How low will Jenrick go?

Robert Jenrick.
Photo from wikimedia commons

There’s a saying: ‘there is no smoke without fire’.  Housing, Communities and Local Government Minister Robert Jenrick (MP for Newark) tried desperately to douse the flames of his self-ignited fire in an 11 October 2020 interview with Andrew Marr on BBC television . He was forced to admit that a grant of £25 million (from the Towns Fund) for his constituency town of Newark was secured with his help because he had actually lobbied his own department to distribute this same grant. What this minister has done is incredible, his defence of this action was: “it’s perfectly normal”.

During the same feisty interview Jenrick’s defence was that it was a junior minister in his Department, Jake Berry (MP for Rossendale and Darwen), who had actually approved the £25 million grant for Newark, which features as 270th on the list of the UK’s most deprived areas.  Jenrick had approved a similar grant for Berry’s constituency town of Darwen. Is this also “perfectly normal”? Nice and cosy for the two of them, one hopes they had a cup of tea and a biscuit while making these decisions. Both grants are worthy of further scrutiny.

The ‘Towns Fund’ prospectus was published in November 2019, shortly before the General Election in December.  The allocated £3.6 billion was to be shared between ‘left-behind’ areas, and under the scheme selected towns would be able to bid for up to £25 million (or £50 million in an exceptional case) of aid. Prior to publication civil servants drew up a list of the neediest areas of England for consideration by ministers, 40 of which were considered as of high priority.  These 40 were accepted for inclusion by Ministers in the Department, but the remainder were chosen at ministers’ sole discretion.  49 towns were chosen from the medium-priority list, and 12 from the low-priority list. The National Audit Office (NAO) released a report into the Town Deals selection process in July this year, it contains the lists of high, medium, and low priority towns considered and ministers rationale for selection.

Critics pointed out that relatively prosperous towns such as Glastonbury (low-priority listing) were chosen for inclusion in the Towns Fund publication, but relatively poor towns such as Tynemouth (medium priority listing) were not. For medium-priority towns in the North East like Tynemouth, Sunderland, Seaham and many others, the chance of access to the Towns Fund has not just diminished, it has gone. They have been erased by a centralist, elitist government which focusses solely on the rich and powerful.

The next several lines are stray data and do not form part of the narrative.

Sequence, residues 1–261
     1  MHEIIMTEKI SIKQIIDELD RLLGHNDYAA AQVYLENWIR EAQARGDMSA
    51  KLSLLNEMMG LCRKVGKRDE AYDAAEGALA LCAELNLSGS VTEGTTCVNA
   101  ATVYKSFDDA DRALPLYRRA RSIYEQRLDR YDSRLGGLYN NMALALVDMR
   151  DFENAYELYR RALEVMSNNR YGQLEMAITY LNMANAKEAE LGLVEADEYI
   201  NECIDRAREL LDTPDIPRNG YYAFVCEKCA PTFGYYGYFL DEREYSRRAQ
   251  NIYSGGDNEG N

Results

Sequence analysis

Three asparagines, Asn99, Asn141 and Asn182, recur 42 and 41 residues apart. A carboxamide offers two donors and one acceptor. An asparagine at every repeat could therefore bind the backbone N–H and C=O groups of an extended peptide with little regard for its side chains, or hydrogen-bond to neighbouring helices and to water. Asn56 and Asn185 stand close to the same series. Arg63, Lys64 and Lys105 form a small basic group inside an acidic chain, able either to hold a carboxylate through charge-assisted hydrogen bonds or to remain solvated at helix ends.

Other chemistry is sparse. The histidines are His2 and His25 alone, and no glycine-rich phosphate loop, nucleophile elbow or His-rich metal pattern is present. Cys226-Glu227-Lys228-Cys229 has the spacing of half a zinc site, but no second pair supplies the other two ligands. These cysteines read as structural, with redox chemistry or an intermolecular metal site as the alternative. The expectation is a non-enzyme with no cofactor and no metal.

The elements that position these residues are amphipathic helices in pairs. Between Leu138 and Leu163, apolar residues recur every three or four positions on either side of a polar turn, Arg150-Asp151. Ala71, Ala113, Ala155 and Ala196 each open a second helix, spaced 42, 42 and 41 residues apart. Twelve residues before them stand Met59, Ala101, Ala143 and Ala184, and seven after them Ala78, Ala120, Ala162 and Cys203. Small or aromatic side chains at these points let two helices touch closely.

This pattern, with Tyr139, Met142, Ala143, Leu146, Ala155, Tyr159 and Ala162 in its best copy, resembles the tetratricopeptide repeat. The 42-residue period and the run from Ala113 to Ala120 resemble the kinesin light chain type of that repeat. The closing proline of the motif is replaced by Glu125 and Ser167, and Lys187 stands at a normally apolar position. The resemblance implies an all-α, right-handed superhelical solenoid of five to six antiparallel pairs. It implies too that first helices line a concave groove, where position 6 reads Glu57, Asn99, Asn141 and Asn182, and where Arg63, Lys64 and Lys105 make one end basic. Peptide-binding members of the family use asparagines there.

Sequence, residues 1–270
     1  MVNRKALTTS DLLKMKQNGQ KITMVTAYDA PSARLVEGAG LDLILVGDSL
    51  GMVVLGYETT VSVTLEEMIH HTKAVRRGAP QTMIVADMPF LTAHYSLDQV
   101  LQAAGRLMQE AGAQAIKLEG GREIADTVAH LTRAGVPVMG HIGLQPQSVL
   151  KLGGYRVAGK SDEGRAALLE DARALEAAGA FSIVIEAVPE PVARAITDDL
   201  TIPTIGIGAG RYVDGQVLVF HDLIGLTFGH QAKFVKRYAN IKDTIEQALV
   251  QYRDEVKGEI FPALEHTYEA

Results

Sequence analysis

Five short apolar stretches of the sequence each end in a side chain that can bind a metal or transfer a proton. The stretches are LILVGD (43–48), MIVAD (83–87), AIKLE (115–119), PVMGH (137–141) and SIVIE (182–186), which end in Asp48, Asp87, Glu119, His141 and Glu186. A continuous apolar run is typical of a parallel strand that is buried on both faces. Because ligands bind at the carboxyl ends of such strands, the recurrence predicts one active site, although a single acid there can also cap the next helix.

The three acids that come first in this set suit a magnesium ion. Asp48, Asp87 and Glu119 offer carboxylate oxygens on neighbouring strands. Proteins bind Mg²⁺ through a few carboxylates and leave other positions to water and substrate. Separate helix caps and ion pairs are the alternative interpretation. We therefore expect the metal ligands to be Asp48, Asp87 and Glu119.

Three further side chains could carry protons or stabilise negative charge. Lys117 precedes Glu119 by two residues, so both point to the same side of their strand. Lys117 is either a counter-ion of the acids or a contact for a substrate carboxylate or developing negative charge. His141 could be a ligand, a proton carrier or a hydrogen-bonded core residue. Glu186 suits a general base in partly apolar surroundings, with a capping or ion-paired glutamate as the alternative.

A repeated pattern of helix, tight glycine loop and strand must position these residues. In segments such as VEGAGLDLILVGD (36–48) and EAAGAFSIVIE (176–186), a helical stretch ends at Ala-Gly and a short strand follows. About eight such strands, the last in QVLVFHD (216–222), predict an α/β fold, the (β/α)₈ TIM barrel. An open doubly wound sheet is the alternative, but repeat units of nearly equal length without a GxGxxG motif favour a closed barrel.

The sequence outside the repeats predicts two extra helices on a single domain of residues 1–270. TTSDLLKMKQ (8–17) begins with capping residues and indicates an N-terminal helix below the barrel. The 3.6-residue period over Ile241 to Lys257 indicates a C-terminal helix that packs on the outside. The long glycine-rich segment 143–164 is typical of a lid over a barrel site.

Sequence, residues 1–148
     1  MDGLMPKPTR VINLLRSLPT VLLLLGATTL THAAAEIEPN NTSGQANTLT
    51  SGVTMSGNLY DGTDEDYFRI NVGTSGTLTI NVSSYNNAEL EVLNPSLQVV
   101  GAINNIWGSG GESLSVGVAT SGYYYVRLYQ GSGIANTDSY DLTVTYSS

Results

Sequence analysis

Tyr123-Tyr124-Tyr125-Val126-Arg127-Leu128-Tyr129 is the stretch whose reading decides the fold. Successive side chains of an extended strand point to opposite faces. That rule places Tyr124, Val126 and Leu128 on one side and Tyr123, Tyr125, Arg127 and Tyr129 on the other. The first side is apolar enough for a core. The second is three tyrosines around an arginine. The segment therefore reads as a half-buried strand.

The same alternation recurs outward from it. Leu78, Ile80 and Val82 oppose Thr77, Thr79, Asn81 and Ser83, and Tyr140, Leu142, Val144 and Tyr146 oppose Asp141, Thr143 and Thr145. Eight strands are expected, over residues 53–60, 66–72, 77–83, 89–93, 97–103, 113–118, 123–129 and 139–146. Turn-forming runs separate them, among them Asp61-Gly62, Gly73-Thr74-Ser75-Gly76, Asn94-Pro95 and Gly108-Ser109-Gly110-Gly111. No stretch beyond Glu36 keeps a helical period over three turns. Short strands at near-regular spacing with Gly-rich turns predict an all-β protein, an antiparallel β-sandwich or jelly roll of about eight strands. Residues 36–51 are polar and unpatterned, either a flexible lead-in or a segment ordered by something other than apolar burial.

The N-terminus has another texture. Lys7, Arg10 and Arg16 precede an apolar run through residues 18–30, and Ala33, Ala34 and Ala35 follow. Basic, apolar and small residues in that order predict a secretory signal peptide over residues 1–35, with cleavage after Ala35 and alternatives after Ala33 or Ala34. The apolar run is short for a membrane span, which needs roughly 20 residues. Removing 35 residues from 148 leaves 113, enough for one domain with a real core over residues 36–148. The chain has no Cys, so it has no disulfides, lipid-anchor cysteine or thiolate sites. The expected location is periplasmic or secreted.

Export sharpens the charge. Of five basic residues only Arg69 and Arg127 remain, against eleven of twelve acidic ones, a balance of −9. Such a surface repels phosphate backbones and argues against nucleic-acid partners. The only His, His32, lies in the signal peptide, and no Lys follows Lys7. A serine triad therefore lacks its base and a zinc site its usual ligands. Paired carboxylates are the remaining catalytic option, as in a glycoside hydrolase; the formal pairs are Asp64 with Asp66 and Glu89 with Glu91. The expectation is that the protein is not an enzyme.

An analysis by the Times showed that of those chosen by ministers from the medium and low-priority lists for inclusion, all but one were either Conservative held seats, or considered as a possible gain by the Tories at the next election.  Is this not blatant cronyism? The exception on the list was Bedford, a marginal seat gained by Labour from the Tories at the 2017 election, and held by them in 2019 with a majority of 145.


It is is not the first time Mr Jenrick has featured in the news this year. He managed to save a Tory donor £45 million in planning fees by expediting planning permission for a property scheme in Tower Hamlets, London’s poorest borough, an area of high unemployment and huge deprivation. Two weeks after that, the property developer in question, Richard Desmond donated £12,000 to the Conservative Party. Tower Hamlets Council uses its income to help its poorer communities; perhaps transforming the lives of many and lifting them out of poverty.

More recently, accusations have been made that the Conservative government has spared Tory voting areas from Covid-19 lockdowns.  It has been widely reported that some Conservative held constituencies have escaped restrictions, despite having higher Covid-19 infection rates per head of population than Labour seats.  

So, have we politically inspired decisions on levelling-up grants to towns, on planning permissions, and on lockdown areas? It is a very clear pattern of cronyism, self-entitlement, and behaviour by this Tory government which appears to prioritise help for wealthier communities. Just how low will they go?

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